It's finally getting warm in here. That's good. There's a lot of night left to go. What else have you got for me? Travelogues. Distant shores and foreign lands. 50 Best Diners on Route 66. Torch 'em. Antiques and Collectibles? Definitive Price Guide to Depression Era Glass. Light her up.

Politics. Oh, please, bring me politics. Anything with a picture of some screaming guy on the cover, those should burn the best. The writers should all be in Hell now; maybe the books will burn hotter. Sports almanacs? Burn 'em. Biographies? Burn. Poetry? Science? History? Burn.

Oh, here they are. The Philosophers. The Thinkers. The greatest minds in history, the ones who taught us how to be human. The ones who showed us how to live with purpose, with responsibility. How to not let the whole human race slide into ruin. Fat lot of good they did. Bring 'em on.

Plato. Socrates. Nietzche. Decartes.

Franklin. Jefferson. Einstein. Nobel.

Clemens. Faulkner . Dante. Angelou.

Homer. Aquinas. Luther. King.

That's enough. Keep it stoked and that blaze will go on until morning. We'll be out in the wild again soon, and we’ve a long, cold trek ahead of us. Let's take our rest while we can. If it doesn’t attract any wolves, we’ll remain as long as the fuel lasts. With luck, there'll be a break in the weather. But for a while, we can stay here, in the warm, cozy light of history.

Until the last

of the fire

goes out.

This story is copyright 2011 Jared Millet.

It was performed on March 22, 2011, at the Hoover Public Library Flash Fiction Night, sponsored by the Hoover Library Write Club.

See also: Witch's Cross, Flash Fiction Night 2010.

Thursday, March 17, 2011

Flash Fiction Night 2.0, and a Review

It's that time again - time for my writing group, the Hoover Library Write Club, to put on another Flash Fiction Night at the Library Theatre. We've got about a dozen writers presenting this year, and it's always great to get your material out there in front of a living, breathing audience.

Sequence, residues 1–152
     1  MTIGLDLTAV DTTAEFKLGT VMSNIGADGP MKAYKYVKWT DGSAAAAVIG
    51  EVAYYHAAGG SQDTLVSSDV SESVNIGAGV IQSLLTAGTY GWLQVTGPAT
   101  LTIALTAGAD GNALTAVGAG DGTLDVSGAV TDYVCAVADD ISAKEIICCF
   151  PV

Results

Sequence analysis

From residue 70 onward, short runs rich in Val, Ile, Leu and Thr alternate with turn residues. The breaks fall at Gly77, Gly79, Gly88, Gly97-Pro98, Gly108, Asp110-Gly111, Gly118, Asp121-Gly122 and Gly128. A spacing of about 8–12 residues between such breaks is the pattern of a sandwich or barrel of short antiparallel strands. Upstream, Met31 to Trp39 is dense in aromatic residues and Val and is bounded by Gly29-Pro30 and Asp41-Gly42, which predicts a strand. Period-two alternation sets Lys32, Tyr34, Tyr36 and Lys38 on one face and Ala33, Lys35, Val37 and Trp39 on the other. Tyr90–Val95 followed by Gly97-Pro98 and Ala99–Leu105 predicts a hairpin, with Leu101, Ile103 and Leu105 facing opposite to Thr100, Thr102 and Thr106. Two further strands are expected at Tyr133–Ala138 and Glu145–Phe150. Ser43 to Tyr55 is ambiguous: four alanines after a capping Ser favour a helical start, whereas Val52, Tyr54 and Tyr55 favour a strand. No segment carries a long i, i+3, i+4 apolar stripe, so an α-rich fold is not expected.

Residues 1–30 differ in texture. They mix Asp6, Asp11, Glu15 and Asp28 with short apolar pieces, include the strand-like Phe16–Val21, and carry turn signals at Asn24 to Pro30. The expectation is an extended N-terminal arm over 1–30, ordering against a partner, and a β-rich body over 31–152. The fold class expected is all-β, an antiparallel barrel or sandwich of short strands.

Last year I read two stories: a time-travel piece that I'm currently shopping around in a much longer version, and "Witch's Cross," which I posted online here. This year I'll be presenting a story called "Fire," which is either the most pessimistic or the most pretentious thing I've ever written. Probably both.

If you're anywhere near the greater Birmingham area, please drop by the Hoover Public Library (200 Municipal Drive, Hoover AL 35216) on Tuesday, March 22, at 7:00 p.m. You won't be disappointed, or your money back.

Also, it's free.

This just in: a good review of Dreams of Steam over at Steampunk Chronicle. Read it on their site. I'll be honest: it makes me feel a little bubbly inside that my own "Dead Man's Hand" is the first story singled out by name.

"So, Jared," you may ask, "how's that whole 'I'm going to wing a brand new short story, 1000 words per day, and damn the torpedos' thing going for you?"


It's coming. That word count goal didn't seem that ambitious, but apparently the 'wing it' approach doesn't work so well for me. I finished Act One of the story only to realize that it's really Act Three, and now I have to go back to the beginning and put a lot more stuff in so that The End is actually The End.

After that, I'll be tooling up a submission for Dreams of Steam II and getting back to work on The Blood Prayer.

Carry on!